Bloc Party – Bloc Party are just one of many British groups reveling in the return of post-punk and hipsters that need to shake their hips, yet they are able to stand out. While most post-punk acts in the third wave are content to use a stripped down guitar tone that is often thin and jangly, Bloc Party don’t shy away from effects. You will find plenty of delay, echo, and reverb wrapped around their chords. Bloc Party are also one of the few post-punk bands that offer not only rockers, but also ballads. They know when to slow things down a bit and sing a little softer without compromising themselves.

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The Valley Arena – The Valley Arena take the dissonant frame work set up by bands like Cursive and Q and Not U and then add even more twists and shifts. What you get are impressive start/stop dynamics and changing time signatures mixed in with blazing and often screechy guitar playing. Vocally The Valley Arena are closer to the second-wave’s shouted style, but are never far from a memorable melody.

The Futureheads – The Futureheads play the same treble heavy, dance beat filled post-punk as their British contemporaries, but inject it with pop harmonies. Vocally, they may be the most impressive of the third wave post-punk bands. Throughout their self-titled debut they pull off harmonies that would make Brian Wilson smile and even throw in an impressive a cappella track.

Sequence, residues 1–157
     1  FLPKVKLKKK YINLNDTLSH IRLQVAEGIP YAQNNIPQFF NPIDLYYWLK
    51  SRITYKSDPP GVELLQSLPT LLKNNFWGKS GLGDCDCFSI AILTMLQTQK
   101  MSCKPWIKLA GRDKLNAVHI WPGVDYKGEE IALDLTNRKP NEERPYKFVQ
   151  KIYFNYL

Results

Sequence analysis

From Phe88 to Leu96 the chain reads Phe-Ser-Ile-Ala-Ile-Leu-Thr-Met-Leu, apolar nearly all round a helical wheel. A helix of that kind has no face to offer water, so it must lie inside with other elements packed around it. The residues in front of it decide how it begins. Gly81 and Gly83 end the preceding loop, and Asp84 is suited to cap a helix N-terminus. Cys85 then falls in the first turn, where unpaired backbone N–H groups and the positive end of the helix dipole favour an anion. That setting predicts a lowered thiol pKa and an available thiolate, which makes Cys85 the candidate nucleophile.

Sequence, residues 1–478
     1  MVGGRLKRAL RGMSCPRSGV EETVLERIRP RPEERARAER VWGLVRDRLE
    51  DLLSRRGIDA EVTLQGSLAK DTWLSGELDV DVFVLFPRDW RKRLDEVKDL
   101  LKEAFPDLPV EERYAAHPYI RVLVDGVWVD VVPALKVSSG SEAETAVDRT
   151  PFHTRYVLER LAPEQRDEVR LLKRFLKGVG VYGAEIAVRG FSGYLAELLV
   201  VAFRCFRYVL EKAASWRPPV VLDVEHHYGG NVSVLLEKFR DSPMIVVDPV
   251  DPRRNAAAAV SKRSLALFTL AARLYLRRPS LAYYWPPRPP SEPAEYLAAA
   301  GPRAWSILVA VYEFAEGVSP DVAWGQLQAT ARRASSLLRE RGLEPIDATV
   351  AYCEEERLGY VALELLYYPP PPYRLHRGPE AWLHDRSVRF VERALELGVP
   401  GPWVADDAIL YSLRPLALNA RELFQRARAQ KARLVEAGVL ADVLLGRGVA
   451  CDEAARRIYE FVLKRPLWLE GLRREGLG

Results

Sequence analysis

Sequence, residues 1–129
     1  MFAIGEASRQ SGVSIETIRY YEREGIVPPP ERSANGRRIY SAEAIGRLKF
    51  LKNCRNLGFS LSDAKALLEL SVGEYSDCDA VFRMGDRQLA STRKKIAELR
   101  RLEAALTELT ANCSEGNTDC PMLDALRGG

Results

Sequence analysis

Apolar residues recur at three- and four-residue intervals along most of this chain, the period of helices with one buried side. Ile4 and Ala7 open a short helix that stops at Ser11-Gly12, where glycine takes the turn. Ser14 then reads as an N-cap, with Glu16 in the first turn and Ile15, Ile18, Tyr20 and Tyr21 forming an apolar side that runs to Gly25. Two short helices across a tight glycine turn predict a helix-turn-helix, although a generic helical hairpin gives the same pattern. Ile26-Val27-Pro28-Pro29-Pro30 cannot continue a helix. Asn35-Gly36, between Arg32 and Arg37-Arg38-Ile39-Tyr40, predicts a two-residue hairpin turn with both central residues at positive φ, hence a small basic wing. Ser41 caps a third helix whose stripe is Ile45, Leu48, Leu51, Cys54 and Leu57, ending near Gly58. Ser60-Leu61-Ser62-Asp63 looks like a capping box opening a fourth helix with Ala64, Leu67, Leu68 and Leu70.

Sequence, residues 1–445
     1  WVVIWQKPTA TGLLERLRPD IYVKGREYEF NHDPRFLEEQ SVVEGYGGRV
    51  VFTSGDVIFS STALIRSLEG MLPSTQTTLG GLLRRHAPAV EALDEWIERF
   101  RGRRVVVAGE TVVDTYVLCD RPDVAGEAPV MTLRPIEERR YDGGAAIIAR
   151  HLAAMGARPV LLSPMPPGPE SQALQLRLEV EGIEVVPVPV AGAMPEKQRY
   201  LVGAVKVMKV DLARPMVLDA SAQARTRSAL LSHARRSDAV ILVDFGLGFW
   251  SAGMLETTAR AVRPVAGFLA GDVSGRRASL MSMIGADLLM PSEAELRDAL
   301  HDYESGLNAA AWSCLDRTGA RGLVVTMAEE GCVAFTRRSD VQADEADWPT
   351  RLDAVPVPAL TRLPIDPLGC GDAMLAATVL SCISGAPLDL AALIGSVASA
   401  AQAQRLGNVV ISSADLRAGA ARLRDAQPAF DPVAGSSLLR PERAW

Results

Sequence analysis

The Constantines – Take the working class rock ethic of a guy like Bruce Springsteen and then mix in some Fugazi and you should be able to hear the Constantines. Singer Bry Webb delivers his blue-collar diatribes in a sincere gravelly tone while his band combines great rhythms with piercing guitars. The result is a post-punk act that channels a classic rock vibe. Think Crazy Horse if they had come out of the DC scene.

The Rakes – The Rakes are the embarrassing drunk friend of the post-punk revival in the UK. Their style is sloppier, more blurted, and overall more offensive then the rest of their comrades, but that is what sets them apart. Their production is raw and the vocals are full of cockney snot, yet The Rakes are still able to craft a melody and some semblance of a dance tune. It may sound like their songs are about to fall apart, but the duct tape holds true despite all the buzzing and throttling.

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The Narrator – The Narrator, like many of their peers, do draw on important 90s post-punk acts like Fugazi and Drive Like Jehu, but they also take inspiration from indie-pop acts of the same decade. That means their driving post-punk rockers are interjected with Pavement’s pop sensibilities and Modest Mouse’s quirk. The result is a post-punk act that is surprisingly easy on the ears despite their angular chops.

Bullet Train To Vegas – Sensual screaming and stuttering guitars make for one hell of a combo. Bullet Train to Vegas tone down hardcore’s distortion and machismo to make a sassy, but still vitriolic sound. At first listen they may just seem like a stripped down punk act, but thanks to their detailed and interweaving guitar work, Bullet Train to Vegas have earned that “post” prefix.

Maximo Park – Using post-punk as a tool for pop seems strange, but Maximo Park make it work. The jittery, thin guitars and bouncy rhythms are present, but strong vocals and hummable melodies take the forefront, while hints of 80s synth pop invade each song. Maximo Park sound like they are always smiling, a trait not often found in post-punk circles.